Material Girls is another interior design blog that provides home décor tips for its’ readers. The blog’s contributors include Lauren, Abby Baldwin, Emily Johnston , Jill Seidner and Julia B. Edelmann. All these contributors are talented, well established interior designers. Their offices are scattered across the country, including Los Angeles, Houston, Dallas, Brooklyn and Chicago.
Everyday, the 172,718 Material Girls’ readers are provided with new information on interior design. The blog’s readers are given the opportunity to comment on the daily posts. The readers’ comments reveal that the blog’s audience can be divided into two main subgroups. One subgroup includes professionals with careers as interior designers. The other subgroup, in which I would categorize myself in, is made up of people who do not necessary work in the interior design business but have an interest in it. Because Material Girls’ blog posts are short and simple, this blog is able to cater to both of these subgroups and be enjoyable for the readers regardless of their experience in the interior design industry. The audiences’ experience and interest on the topic of interior design is evident through their comments because they often offer additional links to other websites as well as helpful design tips.
Although the blog’s writers share their personal opinions, the readers are still provided with a broad, valuable perspective on interior design. This is made possible by the contributors’ combination of different backgrounds and aesthetics. By offering a diverse range of interior design styles to its’ readers and by posting articles from other established sites and interior design magazines, the blog is able to maintain its credibility.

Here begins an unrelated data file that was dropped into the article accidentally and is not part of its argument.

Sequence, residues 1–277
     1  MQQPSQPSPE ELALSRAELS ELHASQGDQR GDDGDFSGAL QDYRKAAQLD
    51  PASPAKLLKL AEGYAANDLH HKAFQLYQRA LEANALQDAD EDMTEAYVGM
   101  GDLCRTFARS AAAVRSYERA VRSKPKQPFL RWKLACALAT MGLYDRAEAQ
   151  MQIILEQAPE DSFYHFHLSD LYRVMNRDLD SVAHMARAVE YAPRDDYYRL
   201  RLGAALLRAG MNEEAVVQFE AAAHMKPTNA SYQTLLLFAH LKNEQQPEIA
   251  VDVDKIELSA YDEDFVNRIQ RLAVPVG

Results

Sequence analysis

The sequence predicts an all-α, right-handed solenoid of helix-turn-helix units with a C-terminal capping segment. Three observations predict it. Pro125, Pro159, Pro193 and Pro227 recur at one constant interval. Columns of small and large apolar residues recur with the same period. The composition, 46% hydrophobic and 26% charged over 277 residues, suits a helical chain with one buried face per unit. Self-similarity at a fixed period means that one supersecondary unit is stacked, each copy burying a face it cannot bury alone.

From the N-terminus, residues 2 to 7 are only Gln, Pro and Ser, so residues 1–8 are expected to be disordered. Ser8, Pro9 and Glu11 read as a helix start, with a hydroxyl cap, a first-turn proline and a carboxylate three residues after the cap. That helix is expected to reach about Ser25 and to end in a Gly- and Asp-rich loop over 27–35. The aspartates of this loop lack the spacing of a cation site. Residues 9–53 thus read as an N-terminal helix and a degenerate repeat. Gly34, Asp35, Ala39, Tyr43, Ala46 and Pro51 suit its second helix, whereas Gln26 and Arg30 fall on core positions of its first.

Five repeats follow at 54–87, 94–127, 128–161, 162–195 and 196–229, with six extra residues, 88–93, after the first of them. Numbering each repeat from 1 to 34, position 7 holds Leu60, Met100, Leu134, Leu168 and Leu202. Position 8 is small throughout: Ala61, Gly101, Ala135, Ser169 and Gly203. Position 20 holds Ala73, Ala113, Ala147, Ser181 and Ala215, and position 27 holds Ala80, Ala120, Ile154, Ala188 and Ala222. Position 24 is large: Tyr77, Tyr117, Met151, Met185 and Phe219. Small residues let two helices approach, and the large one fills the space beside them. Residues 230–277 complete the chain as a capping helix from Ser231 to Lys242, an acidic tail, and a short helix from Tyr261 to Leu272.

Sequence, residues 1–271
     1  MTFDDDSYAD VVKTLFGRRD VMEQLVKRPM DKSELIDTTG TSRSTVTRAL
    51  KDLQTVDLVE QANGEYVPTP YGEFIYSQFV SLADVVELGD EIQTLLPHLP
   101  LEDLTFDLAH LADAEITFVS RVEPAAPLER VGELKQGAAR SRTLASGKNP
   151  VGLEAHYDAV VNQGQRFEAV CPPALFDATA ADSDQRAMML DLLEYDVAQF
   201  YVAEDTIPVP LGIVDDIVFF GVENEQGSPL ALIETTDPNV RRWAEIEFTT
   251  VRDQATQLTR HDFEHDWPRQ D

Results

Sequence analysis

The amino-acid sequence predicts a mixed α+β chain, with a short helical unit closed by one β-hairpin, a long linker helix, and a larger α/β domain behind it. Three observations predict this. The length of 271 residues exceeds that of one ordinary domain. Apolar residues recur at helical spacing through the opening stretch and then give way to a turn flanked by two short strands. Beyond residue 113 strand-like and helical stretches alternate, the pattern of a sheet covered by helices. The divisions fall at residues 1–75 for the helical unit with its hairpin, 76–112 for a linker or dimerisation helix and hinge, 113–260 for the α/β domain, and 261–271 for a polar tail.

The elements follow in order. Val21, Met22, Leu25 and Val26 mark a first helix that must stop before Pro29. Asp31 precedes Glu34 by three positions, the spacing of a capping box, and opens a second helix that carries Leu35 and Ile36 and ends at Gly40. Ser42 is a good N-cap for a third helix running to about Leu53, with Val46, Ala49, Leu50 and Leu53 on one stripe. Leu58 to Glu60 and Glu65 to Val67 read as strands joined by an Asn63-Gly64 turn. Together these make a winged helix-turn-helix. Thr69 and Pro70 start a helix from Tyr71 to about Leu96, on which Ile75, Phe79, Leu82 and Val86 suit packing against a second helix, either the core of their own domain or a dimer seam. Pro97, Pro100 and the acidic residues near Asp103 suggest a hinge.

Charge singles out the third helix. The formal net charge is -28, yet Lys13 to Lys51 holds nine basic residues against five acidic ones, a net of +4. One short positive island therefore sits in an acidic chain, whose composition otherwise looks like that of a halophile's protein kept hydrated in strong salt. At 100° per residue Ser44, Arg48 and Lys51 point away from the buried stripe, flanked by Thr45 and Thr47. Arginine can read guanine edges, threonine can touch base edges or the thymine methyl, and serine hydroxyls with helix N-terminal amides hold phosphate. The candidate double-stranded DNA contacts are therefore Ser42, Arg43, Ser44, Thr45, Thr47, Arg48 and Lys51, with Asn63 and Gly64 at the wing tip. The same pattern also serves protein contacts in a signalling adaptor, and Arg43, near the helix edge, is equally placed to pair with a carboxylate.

Domino, a reputable and well-respected interior design magazine, was referenced on a post from January 15. The article was about interior designer, Mary McDonald. As Emily Johnson writes, McDonald “does not care if a piece is "high" or "low", she isn't afraid to paint zig zags on the floor, nor does she hesitate when pairing colors like navy and rose”. McDonald is considered “one of the most daring designers out there”. Johnson praises McDonald for knowing “how to dress a space- no matter how unpredictable, glam, bold, ornate, bright, geometric, dressed up, or casual it is, she nails it every time”. The post shares McDonald’s design tips as well as reveals pictures from Domino of some of her work.
1. Define a room with hardware store bought molding
2. Pair classics with the "ridiculous" 3. When designing a room in a monochromatic scheme, add a shot of contrast 4. Don't be afraid to go bold on the floor
5. Don't be afraid to get a little funky in areas that normally lend themselves to the expected 6. Start neutral, then pile on the accessories 7. Cheat by using both high and low end items
8. Collect objects (from around the world) in all the same hue to form unified and sophisticated displays
The blog benefits from being written by working interior designers because it can share information that only professional have access to. For instance, on January 19th, Emily Johnson posted pictures from the Home and Gift Market at The Dallas Market Center. One of Johnson’s favorites showrooms is Global Views. She writes that “lots of glitz and glamour adorn their vignettes” and it is filled with “sunburst mirrors, metallics, and graphic prints”. Here is a picture from the Home and Gift Market at The Dallas Market Center and the showroom.
Although I do not have access to showrooms that a professional might have, I can offer a unique point of view to my readers. Since I do not work in the interior design industry (or own my own house to decorate), I have not cultivated a personal, distinctive style yet. I will be able to provide my readers with a young, fresh, open and uninhibited view on the interior design world. Ultimately, I can only hope that my blog will inspire others the way Material Girls has inspired me.